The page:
Well, it’s BALMY in BOSTON.  I think that we’re at around 80 deg F and 80% humidity.  SOUPY.  I feel like I am sticking to everything, and that’s not only a result of my poor housekeeping skills.  Has anyone else noticed that it’s difficult to get a dried Rice Krispy off of the floor?  Well, I have.  Thank god I don’t bother with manicures, or else our floor would be a minefield of dried krispies.

I stopped by the deCordova museum to see the work of Tony Feher.  Now, let me just preface this discussion (one sided, of course) by noting that I am not usually very interested in found object sculpture.  I know…I’m a philistine.  Anyway, so I wasn’t sure what I was going to think of  Feher’s work.

WELL…I LOVED IT.  LOOK AT THIS:

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Mountain Home, Tony Feher, 2004, plastic containers

I know.  I KNOW what those are…but I love that they’ve taken on this ethereal form.  They look so pure and delicate, and yet solid.  It’s a modern Mayan temple in miniature…well, not really.   Here is an overview of the main room of his work:

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Tony Feher at the deCordova Museum

Each piece is quite simple, typically using only one or two types of objects, but the reconfiguration is fascinating.

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Tony Feher, Sharadiant, 2000, mop and broom handles with rope

I love this too.  It makes me think of a Dan Flavin piece that’s turned off and seen during the day.

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Dan Flavin

I know…I know…they are NOT even MARGINALLY related.  What can I say?  These are the associations that I come up with.  Speaking of associations…what do you think of this?:

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Tony Feher, Come Out And Play Stephen Jay, 2013, painter’s tape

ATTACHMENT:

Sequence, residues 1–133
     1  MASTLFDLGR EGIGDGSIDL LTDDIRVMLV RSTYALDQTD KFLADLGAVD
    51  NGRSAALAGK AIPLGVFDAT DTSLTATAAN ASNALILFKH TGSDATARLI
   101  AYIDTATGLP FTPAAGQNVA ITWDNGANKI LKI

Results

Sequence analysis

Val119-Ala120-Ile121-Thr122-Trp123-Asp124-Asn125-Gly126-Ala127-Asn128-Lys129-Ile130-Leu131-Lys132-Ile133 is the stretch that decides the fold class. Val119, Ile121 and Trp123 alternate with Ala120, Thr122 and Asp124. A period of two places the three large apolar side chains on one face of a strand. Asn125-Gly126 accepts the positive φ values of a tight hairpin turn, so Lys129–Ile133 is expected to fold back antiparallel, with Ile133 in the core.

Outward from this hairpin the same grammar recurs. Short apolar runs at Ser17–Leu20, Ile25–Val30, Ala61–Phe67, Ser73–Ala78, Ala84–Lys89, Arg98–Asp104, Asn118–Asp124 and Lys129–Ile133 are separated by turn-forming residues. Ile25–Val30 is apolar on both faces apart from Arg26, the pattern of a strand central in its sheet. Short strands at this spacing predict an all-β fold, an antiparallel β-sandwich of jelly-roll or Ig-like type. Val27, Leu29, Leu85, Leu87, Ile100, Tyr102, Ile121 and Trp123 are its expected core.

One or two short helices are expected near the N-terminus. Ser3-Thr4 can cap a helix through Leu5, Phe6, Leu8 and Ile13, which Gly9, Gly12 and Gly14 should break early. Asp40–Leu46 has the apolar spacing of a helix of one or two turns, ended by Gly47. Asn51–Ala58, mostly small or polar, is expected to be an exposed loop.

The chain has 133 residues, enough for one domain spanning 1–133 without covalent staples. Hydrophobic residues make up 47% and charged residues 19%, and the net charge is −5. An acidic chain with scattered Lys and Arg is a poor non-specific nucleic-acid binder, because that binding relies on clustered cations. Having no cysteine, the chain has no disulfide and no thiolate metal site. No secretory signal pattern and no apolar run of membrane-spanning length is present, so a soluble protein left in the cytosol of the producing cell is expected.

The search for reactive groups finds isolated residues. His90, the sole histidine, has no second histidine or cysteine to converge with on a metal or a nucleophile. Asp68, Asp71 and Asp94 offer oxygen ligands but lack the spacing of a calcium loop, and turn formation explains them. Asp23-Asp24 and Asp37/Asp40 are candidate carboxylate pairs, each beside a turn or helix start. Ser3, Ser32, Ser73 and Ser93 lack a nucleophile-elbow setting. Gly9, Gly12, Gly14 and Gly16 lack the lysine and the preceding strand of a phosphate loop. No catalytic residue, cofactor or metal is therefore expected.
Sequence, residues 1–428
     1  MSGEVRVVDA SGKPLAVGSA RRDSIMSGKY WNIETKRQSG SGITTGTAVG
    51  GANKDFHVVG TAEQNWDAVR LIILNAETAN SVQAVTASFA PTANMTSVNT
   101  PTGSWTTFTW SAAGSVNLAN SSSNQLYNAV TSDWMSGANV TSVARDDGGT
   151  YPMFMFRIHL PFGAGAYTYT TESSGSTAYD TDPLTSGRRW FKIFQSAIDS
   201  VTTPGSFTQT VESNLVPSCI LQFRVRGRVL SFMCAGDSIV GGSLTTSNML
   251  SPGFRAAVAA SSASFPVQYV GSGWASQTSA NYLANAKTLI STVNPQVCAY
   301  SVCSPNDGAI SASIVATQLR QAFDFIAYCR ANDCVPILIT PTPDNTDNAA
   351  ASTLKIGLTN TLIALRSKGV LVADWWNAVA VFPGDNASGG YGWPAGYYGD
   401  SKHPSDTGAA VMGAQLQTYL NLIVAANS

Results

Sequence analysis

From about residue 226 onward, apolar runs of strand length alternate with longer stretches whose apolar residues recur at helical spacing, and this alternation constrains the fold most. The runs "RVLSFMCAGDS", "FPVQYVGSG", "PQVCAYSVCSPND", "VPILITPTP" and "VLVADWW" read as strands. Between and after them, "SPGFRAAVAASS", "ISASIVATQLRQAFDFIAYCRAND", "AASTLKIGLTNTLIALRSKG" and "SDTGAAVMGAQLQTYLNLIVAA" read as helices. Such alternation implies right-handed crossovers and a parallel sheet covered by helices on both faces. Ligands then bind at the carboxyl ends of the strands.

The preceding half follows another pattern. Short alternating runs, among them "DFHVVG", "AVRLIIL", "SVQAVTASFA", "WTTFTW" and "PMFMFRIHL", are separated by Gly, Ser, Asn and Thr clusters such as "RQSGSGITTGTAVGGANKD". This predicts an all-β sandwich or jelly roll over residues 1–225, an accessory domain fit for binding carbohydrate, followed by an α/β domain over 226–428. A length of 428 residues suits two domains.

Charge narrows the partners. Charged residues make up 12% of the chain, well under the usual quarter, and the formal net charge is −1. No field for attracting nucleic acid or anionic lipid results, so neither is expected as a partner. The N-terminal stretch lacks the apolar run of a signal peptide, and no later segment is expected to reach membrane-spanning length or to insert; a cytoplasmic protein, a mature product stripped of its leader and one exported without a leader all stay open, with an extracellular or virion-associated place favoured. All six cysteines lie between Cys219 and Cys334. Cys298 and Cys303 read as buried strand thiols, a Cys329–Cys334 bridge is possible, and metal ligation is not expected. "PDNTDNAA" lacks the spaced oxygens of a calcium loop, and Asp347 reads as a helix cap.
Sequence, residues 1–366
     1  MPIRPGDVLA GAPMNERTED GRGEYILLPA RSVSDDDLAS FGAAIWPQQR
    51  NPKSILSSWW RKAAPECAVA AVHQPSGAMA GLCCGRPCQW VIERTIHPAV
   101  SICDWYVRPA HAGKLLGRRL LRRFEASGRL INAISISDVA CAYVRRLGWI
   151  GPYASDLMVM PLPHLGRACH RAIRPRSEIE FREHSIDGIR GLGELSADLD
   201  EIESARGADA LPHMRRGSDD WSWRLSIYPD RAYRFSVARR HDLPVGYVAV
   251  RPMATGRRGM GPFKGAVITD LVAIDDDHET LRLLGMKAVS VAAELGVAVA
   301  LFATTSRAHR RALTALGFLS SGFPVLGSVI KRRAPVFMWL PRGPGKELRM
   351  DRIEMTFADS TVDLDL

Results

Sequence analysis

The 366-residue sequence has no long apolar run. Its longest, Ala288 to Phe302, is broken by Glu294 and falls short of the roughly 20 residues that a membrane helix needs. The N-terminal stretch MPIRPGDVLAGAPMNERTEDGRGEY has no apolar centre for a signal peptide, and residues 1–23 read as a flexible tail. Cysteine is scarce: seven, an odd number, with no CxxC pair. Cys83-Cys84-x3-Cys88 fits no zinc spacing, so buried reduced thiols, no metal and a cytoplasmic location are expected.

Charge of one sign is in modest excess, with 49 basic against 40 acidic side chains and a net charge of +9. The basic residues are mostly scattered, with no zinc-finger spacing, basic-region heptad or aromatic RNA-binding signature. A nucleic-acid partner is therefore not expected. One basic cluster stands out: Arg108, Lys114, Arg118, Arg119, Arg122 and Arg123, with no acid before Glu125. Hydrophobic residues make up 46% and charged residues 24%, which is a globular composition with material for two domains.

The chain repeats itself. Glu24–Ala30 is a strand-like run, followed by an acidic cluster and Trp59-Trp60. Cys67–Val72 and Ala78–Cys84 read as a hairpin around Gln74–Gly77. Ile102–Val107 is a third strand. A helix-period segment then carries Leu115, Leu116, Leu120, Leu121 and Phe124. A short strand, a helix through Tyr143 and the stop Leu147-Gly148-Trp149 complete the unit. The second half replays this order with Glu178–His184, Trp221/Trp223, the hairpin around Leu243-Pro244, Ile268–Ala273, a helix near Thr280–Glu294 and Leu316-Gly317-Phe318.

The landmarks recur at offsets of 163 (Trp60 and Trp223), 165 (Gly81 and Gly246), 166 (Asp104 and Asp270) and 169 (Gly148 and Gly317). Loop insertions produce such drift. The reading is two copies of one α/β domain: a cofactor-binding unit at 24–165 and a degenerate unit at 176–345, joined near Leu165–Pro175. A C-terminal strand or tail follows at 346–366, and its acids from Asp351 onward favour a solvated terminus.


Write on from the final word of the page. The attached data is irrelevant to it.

Yes.  That’s tape.  TAAAAPE.  Now THAT made me think of Van Gogh’s Starry Night or wavelite crystals…

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Swirly!

I’m sure that you’d rather see more of Feher’s work, rather than my bizarre and boring associations.  Fine.

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Tony Feher at the deCordova Museum

This is Feher’s installation in that great stairway at the deCordova.  This space is pure genius (thanks to William Rawn Associates), as it creates this really unusual installation space.  I love seeing what different artists do here.  Feher has taken two liter bottles and filled them with colored liquid.  It’s often hard to get a good photo of this space, as it’s so narrow.  It’s 21st century stained glass, right?

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Tony Feher, 8 White Elements, 2001 and Honcho Grid 1, 1999

Yes, you are looking at a tower of styrofoam packaging.  I can’t help but think of an architectural model…perhaps for the New Museum in NYC?  Hell, Yes!  (that expletive relates to the New Museum…I’m not normally so brash.)  The grid in the background is made from plastic straws and polyester thread.  BRILLIANT!

I love how simple and elemental his pieces are.  I love how these mundane objects feel truly transformed through their reconfiguration.  He doesn’t cut/break/bend the objects…he just puts them together so that they form a new, single object.  There’s such clarity to his work.

Speaking of clarity…oh wait, I never have clarity.   Nevermind.

I’ll segue by my household’s own transformation of the mundane into…well, it’s still all mundane.  My son is obsessed with Godzilla.  A friend of mine is moving to TX, and she let me take some of her boys’ old toys.  WELL, we got a small Godzilla set…and the rest is history.  Godzilla is the perfect combination of dinorsaur-ish creature PLUS a force of ridiculous destruction/demolition.  Greaaaaat.

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My son doesn’t seem at all put off by the idea that this is simply a person in a lizard suit lumbering around a model city.  Perhaps that’s because he’s used to me lumbering around the living room, stepping on Lego buildings, and growling?  I have better skin than Godzilla, thankfully.   (Check in with me again if I make it to 90, and I may not be able to say that, though.)

This is a drawing that my son did in homage to the great beast:

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Let me describe this for you…the lower left has a monster truck parked next to a skyscraper.  The tall thing on the right is Godzilla’s leg, with monster toenail.  Yes, he’s SOOO HUGE that he can’t even fit on the page.  Priceless.

I’m also hoping that my toenails did not provide inspiration for this drawing…sigh.